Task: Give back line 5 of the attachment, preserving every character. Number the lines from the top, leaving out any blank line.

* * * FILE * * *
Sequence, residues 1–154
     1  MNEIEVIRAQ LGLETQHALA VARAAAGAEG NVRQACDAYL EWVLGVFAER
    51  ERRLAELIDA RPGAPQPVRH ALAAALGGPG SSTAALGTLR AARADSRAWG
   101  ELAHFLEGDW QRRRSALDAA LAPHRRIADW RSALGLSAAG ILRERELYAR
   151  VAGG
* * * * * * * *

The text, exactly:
   151  VAGG